Nijboer J, Van Vuuren A, Ensing E. 2007. Effect of additives on ensiling of willow leaves and twigs. In Ward A, Hunt A, Maslanka M, Eds. Proceedings of the Seventh Conference on Zoo and Wildlife Nutrition, AZA Nutrition Advisory Group, Knoxville, TN.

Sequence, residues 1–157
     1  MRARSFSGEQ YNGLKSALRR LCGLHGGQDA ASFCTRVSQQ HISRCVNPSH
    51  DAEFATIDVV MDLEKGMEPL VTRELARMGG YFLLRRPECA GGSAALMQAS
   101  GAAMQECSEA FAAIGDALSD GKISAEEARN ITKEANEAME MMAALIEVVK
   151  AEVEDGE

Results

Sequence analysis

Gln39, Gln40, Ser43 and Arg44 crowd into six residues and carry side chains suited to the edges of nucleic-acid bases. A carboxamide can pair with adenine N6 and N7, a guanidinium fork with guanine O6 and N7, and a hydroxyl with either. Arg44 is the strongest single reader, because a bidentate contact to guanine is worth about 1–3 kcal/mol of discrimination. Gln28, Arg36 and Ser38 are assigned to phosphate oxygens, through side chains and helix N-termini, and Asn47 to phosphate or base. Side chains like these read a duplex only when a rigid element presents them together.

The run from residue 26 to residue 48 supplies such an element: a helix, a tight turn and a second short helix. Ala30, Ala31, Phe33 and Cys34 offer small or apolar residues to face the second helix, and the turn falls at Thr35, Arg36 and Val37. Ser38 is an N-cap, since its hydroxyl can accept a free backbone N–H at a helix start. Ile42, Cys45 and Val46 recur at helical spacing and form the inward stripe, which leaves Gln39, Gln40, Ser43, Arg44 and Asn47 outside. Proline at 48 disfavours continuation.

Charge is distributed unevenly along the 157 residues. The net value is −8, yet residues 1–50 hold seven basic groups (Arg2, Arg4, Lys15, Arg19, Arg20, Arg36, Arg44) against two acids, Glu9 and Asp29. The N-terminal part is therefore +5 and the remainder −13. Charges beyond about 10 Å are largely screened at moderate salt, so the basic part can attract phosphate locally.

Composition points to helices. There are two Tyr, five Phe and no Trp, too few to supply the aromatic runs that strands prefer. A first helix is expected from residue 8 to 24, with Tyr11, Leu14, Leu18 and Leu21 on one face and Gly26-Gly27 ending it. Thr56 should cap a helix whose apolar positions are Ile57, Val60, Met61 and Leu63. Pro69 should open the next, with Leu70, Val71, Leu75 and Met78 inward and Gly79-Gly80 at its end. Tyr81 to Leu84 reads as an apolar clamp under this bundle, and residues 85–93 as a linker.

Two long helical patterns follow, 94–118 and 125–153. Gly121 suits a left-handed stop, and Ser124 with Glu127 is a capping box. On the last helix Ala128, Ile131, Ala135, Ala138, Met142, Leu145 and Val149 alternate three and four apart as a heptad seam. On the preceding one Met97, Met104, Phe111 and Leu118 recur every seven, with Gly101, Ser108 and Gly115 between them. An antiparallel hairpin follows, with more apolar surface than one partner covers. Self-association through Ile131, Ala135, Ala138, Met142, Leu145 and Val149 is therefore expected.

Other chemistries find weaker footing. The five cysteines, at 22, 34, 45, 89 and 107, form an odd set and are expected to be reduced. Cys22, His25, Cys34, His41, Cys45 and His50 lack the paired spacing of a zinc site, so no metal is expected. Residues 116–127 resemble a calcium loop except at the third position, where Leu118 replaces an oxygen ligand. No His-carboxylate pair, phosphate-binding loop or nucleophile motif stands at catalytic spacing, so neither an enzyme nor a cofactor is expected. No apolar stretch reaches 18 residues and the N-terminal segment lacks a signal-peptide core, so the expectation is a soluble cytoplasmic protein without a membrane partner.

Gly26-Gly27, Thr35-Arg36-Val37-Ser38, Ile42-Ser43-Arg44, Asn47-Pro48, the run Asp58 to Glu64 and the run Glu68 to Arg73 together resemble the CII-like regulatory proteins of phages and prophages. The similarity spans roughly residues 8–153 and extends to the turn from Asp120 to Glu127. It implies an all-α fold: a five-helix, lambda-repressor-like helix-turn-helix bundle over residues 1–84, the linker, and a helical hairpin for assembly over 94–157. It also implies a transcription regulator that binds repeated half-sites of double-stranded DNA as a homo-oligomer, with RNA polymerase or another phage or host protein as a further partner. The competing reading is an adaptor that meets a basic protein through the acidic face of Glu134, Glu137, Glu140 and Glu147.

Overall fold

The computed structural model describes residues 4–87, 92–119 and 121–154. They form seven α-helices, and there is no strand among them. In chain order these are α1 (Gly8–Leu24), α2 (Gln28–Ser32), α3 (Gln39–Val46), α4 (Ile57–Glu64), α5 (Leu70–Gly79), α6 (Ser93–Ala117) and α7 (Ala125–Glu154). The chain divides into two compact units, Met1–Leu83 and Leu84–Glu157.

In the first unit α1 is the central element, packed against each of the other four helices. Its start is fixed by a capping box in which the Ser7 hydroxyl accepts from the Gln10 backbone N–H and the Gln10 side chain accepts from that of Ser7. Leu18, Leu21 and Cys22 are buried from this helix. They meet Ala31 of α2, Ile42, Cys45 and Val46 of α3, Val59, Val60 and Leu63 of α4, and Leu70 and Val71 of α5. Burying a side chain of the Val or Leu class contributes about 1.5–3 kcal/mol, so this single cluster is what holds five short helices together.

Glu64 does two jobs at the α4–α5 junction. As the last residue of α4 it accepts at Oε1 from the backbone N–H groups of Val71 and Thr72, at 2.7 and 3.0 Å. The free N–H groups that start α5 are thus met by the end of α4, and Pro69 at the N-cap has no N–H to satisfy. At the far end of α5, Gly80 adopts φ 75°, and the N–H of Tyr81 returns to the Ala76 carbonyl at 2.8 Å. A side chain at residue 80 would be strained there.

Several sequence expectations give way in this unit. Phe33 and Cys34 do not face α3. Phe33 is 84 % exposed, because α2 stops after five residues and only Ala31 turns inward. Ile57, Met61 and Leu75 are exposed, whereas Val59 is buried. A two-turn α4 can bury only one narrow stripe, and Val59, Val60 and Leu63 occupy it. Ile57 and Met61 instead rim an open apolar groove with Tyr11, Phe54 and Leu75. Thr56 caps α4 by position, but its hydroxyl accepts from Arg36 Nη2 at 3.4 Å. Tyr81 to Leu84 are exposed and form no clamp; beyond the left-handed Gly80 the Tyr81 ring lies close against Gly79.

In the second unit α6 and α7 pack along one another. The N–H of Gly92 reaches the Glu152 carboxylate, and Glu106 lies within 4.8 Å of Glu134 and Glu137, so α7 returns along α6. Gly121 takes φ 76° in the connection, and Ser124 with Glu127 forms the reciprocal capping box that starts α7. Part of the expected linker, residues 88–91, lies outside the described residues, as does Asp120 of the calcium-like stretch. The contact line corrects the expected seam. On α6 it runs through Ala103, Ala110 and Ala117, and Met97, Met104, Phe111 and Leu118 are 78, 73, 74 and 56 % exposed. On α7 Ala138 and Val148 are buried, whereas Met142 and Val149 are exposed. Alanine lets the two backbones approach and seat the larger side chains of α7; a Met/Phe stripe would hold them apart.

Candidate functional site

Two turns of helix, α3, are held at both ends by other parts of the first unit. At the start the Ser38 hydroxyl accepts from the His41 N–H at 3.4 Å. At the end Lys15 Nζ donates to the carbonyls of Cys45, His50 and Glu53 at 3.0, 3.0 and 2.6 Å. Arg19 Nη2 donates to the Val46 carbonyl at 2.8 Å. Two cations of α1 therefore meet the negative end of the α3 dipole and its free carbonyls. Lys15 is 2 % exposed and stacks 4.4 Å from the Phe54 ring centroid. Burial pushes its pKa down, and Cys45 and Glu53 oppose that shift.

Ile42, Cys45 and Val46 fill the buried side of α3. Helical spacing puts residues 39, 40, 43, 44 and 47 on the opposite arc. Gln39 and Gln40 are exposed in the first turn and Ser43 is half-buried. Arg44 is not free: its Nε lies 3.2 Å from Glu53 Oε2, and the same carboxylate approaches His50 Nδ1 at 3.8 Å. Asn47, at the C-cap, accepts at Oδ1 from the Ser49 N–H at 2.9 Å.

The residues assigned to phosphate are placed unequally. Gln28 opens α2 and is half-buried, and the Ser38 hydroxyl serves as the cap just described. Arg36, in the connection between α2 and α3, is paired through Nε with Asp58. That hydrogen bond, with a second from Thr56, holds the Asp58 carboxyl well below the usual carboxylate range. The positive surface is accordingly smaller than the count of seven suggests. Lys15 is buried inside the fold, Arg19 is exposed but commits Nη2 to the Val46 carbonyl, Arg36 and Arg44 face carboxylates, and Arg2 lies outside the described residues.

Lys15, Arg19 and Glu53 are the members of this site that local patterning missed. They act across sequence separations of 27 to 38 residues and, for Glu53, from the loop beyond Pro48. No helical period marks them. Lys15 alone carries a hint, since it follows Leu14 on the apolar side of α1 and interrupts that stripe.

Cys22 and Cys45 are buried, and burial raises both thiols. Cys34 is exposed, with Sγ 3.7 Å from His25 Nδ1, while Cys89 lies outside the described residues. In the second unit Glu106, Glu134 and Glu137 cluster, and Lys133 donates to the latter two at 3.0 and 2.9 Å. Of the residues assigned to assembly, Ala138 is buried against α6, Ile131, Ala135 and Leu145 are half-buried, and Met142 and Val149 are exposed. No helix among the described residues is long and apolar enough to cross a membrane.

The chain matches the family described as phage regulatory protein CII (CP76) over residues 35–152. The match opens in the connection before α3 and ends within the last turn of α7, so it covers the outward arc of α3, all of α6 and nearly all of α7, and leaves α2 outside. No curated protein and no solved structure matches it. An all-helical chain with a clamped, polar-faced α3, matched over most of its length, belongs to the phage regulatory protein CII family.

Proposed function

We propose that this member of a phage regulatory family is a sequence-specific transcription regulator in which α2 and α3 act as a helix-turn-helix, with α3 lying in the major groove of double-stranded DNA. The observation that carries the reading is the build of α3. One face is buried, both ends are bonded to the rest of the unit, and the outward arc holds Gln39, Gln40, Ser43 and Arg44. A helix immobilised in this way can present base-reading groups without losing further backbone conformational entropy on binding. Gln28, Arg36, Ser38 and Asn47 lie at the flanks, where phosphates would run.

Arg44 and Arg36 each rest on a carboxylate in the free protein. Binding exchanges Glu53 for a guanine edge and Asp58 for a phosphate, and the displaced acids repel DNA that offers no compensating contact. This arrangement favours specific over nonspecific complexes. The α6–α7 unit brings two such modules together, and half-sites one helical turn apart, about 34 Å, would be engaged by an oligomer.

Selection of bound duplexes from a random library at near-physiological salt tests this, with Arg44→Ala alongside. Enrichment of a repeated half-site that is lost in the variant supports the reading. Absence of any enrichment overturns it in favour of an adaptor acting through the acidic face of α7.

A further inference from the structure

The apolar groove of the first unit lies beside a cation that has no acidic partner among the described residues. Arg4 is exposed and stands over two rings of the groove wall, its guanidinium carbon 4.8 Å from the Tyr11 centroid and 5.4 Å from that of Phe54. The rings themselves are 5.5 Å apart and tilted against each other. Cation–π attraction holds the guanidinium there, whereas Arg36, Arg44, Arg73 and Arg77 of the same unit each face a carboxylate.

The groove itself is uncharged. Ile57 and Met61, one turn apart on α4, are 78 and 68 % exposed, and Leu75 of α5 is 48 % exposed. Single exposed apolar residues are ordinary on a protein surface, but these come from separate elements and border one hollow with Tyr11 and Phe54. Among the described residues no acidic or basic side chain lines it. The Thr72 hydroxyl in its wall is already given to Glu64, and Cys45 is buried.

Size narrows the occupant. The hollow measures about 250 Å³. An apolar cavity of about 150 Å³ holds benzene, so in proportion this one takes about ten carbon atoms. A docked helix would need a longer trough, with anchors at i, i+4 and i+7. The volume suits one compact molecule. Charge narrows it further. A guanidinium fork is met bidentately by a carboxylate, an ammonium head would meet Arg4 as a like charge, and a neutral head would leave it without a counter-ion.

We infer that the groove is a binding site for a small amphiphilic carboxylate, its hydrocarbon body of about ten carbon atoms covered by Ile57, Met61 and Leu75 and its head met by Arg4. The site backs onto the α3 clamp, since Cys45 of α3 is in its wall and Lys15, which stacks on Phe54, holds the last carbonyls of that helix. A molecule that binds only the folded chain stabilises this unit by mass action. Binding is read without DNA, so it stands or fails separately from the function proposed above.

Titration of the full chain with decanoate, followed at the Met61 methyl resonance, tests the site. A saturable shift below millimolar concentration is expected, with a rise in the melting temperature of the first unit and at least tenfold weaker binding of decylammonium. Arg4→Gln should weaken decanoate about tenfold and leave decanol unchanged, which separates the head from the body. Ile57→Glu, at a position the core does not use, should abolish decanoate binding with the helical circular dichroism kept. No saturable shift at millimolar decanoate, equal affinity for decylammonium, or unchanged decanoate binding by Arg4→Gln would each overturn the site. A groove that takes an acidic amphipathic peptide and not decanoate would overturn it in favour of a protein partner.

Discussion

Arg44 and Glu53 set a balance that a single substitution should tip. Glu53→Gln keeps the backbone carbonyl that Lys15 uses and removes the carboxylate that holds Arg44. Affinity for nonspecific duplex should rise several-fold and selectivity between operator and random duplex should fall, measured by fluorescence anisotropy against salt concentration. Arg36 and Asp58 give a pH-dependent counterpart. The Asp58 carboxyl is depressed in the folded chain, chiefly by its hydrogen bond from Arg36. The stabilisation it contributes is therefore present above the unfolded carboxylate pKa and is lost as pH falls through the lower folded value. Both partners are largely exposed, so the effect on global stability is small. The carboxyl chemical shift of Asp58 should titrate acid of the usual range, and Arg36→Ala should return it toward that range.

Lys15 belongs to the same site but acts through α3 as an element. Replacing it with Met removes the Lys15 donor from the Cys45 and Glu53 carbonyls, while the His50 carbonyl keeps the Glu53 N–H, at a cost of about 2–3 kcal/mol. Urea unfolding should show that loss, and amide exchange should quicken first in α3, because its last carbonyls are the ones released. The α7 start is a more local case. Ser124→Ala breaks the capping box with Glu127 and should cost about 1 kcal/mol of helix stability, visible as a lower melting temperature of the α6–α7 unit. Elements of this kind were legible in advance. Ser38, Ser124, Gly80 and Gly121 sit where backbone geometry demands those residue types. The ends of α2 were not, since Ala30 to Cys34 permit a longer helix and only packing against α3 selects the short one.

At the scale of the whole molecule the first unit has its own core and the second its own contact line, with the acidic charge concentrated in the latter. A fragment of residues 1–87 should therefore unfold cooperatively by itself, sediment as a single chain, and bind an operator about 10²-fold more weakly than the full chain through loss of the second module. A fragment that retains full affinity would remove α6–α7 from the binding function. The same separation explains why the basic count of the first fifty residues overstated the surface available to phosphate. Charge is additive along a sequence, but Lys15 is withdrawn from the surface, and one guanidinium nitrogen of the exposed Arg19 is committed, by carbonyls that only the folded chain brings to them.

According to Hoffman, ruminants can be classified as browsers (“concentrate selectors”), intermediate feeders, and grazers. Compared to grazers, browsers have different nutritional requirements to meet their specific digestive physiology needs. In general, browse may contain higher amounts of secondary plant compounds and lower fiber concentrations than many grasses. In Rotterdam Zoo, browse often consists of willow leaves and branches. However, for year-round availability of browse, it needs to be preserved for winter and spring feeding. Browse can be conserved in three ways: freezing at -20°C, natural or artificial drying, or ensiling. Ensiling (production of lactic acid from soluble sugars by anaerobic fermentation) is a new method of preservation of browse forages in temperate regions. It is unknown whether willow leaves and branches contain sufficient epiphytic lactic acid bacteria to obtain a rapid fermentation start. Another problem with willow branches is the low density that can be obtained, which hampers anaerobiosis. Therefore, the effect of different preservation methods on the fermentation quality of willow leaves and branches was studied in two experiments.Nijboer – EFFECT OF ADDITIVES ON ENSILING OF WILLOW LEAVES AND TWIGS.pdf     818 KB